Heaney and Failure of Memory

This morning I am thinking about Heaney and his essay “Feeling into Words”. I first read it in Hochman’s poetry class. This essay lists a bit of Heaney’s aesthetic and some of his obsessions. We are reading it in my poetry class.

In this essay Heaney explicates his poem Digging and explains how the idea of cultural digging for meaning is the same as a personal digging or sifting through memories and connections with his pen is just as noble and powerful as physical labor. This makes me think of the Abuelito who laughed after my second degree when I still couldn’t find full-time employment and my short stories and writings were continually failing to do much. Well much in terms of money or status as Abuelito would see it.

So I think of Heaney this morning as I find myself struggling to stay focused on the Cornbread Baca project. When I find myself stuck with the direction and the sensibility to approach the ideas I have. Just get it down as Cisneros advises. But some mornings you just can’t. You think too hard about what you’re trying to say and how to approch a scene and blah blah blah.

But Heaney speaks of models and word play and triggers that got him going. Also he implies that the notion of representing a culture drivees or motivates him to write or continue to dig. I sit patiently this morning and wait for those triggers. Heaney in this interview with Charlie Rose also admits that writing for him is mostly remembering and finding those original feelings or perceptions.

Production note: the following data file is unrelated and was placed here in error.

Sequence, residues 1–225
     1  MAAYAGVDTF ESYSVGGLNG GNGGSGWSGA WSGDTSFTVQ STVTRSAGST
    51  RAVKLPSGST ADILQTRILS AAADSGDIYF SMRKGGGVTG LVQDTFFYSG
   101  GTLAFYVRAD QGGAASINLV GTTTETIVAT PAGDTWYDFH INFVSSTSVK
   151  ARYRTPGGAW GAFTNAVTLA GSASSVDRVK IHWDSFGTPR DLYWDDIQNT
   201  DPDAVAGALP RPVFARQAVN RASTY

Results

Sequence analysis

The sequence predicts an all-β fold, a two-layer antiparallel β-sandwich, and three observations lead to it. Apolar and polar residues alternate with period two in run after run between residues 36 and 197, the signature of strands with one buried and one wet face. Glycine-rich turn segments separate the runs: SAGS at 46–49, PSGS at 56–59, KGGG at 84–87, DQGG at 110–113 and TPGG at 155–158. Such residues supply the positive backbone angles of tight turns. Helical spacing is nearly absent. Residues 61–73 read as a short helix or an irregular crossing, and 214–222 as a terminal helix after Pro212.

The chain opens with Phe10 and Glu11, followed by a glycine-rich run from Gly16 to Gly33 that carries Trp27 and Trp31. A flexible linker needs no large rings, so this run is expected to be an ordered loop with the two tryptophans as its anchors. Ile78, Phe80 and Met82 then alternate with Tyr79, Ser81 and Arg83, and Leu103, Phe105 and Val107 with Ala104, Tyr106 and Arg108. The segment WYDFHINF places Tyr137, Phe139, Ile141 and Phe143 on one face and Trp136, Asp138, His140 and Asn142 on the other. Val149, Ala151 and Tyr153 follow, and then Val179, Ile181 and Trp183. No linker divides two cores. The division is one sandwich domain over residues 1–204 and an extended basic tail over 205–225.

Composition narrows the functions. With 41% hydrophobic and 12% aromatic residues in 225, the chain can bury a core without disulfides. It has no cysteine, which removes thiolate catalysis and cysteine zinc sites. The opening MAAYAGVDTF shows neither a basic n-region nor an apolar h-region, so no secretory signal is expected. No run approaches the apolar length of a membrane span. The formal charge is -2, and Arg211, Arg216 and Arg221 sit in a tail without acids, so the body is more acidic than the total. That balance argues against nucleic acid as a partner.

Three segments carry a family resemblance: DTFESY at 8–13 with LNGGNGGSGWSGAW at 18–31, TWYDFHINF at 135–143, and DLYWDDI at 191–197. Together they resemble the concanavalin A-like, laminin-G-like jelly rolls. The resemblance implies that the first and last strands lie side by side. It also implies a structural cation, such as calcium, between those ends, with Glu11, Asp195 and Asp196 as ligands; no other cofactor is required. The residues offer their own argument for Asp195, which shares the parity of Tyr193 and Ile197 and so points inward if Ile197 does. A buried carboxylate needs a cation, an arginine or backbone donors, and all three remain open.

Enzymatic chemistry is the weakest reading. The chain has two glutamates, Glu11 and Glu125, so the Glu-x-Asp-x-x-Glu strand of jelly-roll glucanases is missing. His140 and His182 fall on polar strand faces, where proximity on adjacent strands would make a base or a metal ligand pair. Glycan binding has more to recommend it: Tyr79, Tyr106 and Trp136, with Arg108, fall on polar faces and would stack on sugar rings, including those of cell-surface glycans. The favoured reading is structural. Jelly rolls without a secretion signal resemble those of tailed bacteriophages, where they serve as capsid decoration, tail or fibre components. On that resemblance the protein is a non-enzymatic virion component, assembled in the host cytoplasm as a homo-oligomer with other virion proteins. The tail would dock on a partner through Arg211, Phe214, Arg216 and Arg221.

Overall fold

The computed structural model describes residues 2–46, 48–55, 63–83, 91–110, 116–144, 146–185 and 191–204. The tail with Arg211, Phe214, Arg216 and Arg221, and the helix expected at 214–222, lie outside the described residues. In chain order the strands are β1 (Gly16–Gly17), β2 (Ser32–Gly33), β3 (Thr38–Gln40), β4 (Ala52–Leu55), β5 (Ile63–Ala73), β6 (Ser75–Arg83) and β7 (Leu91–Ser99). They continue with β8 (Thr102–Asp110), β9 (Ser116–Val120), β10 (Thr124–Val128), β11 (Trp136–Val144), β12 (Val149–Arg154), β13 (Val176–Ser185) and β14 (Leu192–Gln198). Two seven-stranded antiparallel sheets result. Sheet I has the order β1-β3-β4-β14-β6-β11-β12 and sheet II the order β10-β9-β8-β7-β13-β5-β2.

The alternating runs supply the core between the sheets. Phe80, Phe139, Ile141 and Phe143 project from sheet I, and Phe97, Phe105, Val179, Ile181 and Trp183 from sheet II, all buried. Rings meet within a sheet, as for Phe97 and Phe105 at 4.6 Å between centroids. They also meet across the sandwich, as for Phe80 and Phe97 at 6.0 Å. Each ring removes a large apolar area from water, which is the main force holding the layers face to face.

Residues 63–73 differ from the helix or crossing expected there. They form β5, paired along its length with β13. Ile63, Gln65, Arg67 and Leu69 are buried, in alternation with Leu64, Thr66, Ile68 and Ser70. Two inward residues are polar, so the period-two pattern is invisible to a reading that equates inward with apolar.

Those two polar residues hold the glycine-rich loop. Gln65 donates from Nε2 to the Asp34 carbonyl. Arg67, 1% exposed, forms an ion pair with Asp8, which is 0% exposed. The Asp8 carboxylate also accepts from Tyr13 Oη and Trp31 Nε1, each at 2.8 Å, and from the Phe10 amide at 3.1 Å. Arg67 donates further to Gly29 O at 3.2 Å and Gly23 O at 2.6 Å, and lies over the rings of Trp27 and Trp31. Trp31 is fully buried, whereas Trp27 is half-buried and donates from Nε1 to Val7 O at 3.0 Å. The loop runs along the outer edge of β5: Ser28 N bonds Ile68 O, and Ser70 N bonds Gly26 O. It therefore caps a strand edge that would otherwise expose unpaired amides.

My first reaction is that I am continually amazed what is available on youtube or on the internet. I remember back in the day you missed a program and that was it. It never turned up again if you missed it. Yes, there were re-runs but interviews or programs such as this seemed only for the prepared. This has changed as I find more and more in terms of educational materials/interviews available online.

My second reaction is to agree that writing–at least for me–is about remembering and reflecting on the old neighborhood and my own high school experiences and my family experiences. But I do believe the idea of creating the conscience of a race like Joyce states in A Portrait of the Artist —another text that Heaney alludes to in his essay–seems ambitious and pretentious but a strong motivator. Especially when I feel no one is telling the stories from Pueblo and Huerfano Counties.

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john paul jaramillo

John Paul Jaramillo’s debut story collection The House of Order was named a 2013 Int’l Latino Book Award Finalist, and his most recent work Little Mocos is now available from Twelve Winters Press. In 2013 Latino Boom: An Anthology of U.S. Latino Literature listed Jaramillo as one of its Top 10 New Latino Authors to Watch and Read. He is currently a professor of composition and literature at Lincoln Land College-Springfield, Illinois.

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